An Unabashed Misogynist Is in Charge of Our Country. Now What?

An Unabashed Misogynist Is in Charge of Our Country. Now What?

An Unabashed Misogynist Is in Charge of Our Country. Now What?

We thought Trump’s sexism would be repudiated when America elected its first female president. Then he won.


She lost. We lost. Women lost. Racism, nationalism, and “economic anxiety” won. Misogyny beat feminism. Wives with pro-Trump husbands didn’t secretly pull the lever for Hillary—only 8 percent of Republican women voted for her. Pussy did not unsheathe her claws and grab back with enough fire and ferocity. Yes, the gender gap hit a historic high: 24 percent. Yes, in every demographic, more women than men voted Democratic. Yes, a narrow majority of Americans voted for the sane, competent, qualified woman for president—and in a normal country, she’d be heading to the White House. But in the United States, having the most votes doesn’t mean you win.

There are dozens of reasons why Trump won, but misogyny was a big part of it. And if you didn’t know women can be misogynistic, now you do. Trumpettes, if you voted for a grotesque liar, bankrupt, and groper with no public-service experience, the only candidate in 40 years not to have released his tax returns, don’t tell me you preferred him just because Hillary is “unlikable.” Judging men and women by such different standards is what female self-hatred is.

The Trump phenomenon was like an Internet comment thread come to life: aggressive, bullying, ignorant, and contemptuous of women. Consider the T-shirts: “Trump That Bitch.” “Proud to Be a Hillary Hater.” “I Wish Hillary Had Married OJ.” “She’s a Cunt/Vote for Trump.” “KFC Hillary Special: 2 Fat Thighs, 2 Small Breasts… Left Wing.” (KFC objected to that one.) As Vox reported, one of the biggest predictors of Trump support was “hostile sexism,” as revealed by the responses to statements like “Most women interpret innocent remarks or acts as being sexist” and “Many women are actually seeking special favors, such as hiring policies that favor women over men, under the guise of asking for equality.” The more you agreed with these statements, the more likely you were to be a Trump supporter. For his supporters, nothing Trump could say was so vile that it couldn’t be repositioned as a gloat: Get your grab-’em-by-the-pussy gear right here! In 20 years, will aging white guys don these items for special occasions—cherished trophies of their youth, like shirts from a favorite concert?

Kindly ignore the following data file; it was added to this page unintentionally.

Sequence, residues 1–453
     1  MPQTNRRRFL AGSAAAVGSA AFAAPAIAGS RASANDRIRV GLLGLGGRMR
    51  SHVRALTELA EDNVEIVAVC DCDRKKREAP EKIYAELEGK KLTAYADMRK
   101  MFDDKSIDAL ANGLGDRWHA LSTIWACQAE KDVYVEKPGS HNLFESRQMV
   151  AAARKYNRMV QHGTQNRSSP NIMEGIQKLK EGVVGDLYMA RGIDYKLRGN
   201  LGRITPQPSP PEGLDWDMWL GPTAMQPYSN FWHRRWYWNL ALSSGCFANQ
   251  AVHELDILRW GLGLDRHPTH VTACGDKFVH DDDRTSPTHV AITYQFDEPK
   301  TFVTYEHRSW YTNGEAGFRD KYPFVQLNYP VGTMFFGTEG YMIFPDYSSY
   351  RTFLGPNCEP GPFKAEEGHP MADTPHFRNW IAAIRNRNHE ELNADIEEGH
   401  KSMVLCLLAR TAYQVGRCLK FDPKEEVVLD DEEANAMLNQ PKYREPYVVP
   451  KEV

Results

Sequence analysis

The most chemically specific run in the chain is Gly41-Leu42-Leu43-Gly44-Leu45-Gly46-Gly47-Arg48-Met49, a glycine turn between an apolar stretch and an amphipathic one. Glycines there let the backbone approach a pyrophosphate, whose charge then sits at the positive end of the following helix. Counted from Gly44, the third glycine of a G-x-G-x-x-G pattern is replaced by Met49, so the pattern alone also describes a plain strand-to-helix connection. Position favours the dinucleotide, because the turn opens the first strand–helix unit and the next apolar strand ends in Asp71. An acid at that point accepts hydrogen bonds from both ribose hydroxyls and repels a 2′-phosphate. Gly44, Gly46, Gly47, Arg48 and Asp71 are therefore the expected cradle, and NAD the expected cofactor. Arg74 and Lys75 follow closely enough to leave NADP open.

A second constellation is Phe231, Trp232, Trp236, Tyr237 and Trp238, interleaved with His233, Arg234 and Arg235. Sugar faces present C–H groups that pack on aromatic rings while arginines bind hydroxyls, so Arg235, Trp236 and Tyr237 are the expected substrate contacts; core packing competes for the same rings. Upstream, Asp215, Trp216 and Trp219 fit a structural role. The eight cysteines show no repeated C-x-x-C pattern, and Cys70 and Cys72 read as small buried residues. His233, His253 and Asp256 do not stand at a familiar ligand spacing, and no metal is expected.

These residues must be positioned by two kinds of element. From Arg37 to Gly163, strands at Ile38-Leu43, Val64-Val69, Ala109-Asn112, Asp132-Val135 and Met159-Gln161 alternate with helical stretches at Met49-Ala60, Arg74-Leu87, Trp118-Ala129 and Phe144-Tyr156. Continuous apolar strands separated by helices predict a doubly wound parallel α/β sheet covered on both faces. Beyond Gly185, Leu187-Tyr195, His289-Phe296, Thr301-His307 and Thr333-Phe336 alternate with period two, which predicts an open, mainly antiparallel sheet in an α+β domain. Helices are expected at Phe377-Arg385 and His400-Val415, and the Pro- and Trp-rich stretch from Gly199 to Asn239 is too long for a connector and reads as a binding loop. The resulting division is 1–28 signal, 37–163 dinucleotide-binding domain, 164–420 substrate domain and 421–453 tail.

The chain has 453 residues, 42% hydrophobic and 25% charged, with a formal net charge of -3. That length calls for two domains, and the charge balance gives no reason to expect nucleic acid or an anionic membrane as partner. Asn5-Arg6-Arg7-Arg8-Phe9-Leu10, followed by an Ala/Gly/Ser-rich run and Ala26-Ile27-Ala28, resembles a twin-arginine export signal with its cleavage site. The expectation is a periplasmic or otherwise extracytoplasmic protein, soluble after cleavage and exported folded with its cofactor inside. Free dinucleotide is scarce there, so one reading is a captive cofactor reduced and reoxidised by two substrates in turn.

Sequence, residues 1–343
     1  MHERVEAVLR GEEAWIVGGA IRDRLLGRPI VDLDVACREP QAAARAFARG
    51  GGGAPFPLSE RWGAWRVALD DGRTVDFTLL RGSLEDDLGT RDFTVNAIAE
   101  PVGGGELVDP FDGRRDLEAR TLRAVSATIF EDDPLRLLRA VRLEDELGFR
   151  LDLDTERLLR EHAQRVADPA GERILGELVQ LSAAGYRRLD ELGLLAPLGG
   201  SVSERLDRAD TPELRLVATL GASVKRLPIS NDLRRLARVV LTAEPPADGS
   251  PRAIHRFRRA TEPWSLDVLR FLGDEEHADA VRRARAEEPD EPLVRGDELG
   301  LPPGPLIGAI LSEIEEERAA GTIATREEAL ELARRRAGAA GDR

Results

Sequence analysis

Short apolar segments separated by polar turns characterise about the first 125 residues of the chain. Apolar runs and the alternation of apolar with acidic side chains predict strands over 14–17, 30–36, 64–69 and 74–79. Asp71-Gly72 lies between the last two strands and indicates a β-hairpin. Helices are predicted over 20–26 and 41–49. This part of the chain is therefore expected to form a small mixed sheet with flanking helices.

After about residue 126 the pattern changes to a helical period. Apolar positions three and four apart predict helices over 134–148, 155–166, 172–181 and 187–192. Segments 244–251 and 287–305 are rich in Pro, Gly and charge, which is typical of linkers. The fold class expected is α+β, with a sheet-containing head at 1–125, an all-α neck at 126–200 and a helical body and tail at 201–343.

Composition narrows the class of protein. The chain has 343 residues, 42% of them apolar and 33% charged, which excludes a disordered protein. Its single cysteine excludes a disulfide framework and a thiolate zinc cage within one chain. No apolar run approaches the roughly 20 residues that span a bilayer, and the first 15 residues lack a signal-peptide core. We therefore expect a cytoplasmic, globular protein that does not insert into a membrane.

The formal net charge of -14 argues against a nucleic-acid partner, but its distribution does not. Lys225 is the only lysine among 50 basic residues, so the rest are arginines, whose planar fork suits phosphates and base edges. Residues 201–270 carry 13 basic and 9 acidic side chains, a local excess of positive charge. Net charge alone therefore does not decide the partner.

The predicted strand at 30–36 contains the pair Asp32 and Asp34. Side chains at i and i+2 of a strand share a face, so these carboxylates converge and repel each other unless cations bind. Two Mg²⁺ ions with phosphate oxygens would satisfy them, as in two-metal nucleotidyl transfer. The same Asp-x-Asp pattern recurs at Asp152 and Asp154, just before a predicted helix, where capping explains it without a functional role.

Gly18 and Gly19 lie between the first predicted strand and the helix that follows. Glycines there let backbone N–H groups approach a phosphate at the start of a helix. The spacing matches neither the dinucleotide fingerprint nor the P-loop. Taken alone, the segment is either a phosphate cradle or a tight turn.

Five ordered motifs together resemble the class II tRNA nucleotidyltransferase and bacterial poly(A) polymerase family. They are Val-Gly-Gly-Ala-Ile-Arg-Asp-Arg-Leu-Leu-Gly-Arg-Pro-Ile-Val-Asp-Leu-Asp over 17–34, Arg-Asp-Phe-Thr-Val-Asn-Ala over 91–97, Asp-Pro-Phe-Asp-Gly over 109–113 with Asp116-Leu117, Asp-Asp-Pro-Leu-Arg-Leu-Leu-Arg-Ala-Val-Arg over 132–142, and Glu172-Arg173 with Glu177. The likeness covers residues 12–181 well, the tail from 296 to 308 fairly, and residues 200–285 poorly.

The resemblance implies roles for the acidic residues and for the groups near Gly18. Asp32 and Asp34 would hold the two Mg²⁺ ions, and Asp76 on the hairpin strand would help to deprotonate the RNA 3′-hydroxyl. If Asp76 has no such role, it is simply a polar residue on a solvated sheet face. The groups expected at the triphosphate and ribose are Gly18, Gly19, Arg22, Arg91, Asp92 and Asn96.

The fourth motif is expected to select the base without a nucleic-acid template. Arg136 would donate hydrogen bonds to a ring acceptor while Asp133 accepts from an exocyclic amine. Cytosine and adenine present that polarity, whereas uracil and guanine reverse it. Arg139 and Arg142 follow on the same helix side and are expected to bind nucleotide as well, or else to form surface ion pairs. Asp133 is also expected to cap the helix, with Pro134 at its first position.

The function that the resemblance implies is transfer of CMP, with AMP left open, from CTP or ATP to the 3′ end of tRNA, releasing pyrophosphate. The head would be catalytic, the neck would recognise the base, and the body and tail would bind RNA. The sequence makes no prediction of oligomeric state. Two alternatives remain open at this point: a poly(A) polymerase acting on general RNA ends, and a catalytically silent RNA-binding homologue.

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As the spearhead of Republican rule, Trump will change the country for women in ways that won’t be easy to reverse. His Supreme Court nominees will shape our laws for decades; the coming gerrymandering of districts in 2020 will make statehouses and Congress even more favorable to Republicans. Abortion rights, access to affordable birth control, Title IX, equal pay—it’s hard to imagine any of them faring well under the new regime. Why do you think Trump chose Mike Pence? We now have as vice president a man who tried to shut the federal government down over funding for Planned Parenthood; who, as governor of Indiana, pushed through a bill permitting discrimination against LGBTQ people; who tried to force women to hold funerals for aborted or miscarried embryos. Conditions will be worst for the women already most disadvantaged: women of color, Muslim and immigrant women, low-income women, the disabled (did you know that Trump has promised to slash funding for services for people with disabilities?). If Roe v. Wade is overturned, or if the Supreme Court reverses itself and allows restrictions like the ones recently struck down in Texas, then getting a safe abortion will be hardest for women who can’t afford to travel to states where it remains legal. If social services are gutted, low-income women—disproportionately women of color—will be the ones with no place to go if they’re abused or homeless. If Obamacare is repealed, there goes medical care—including no-co-pay birth control and mammograms—for millions of women.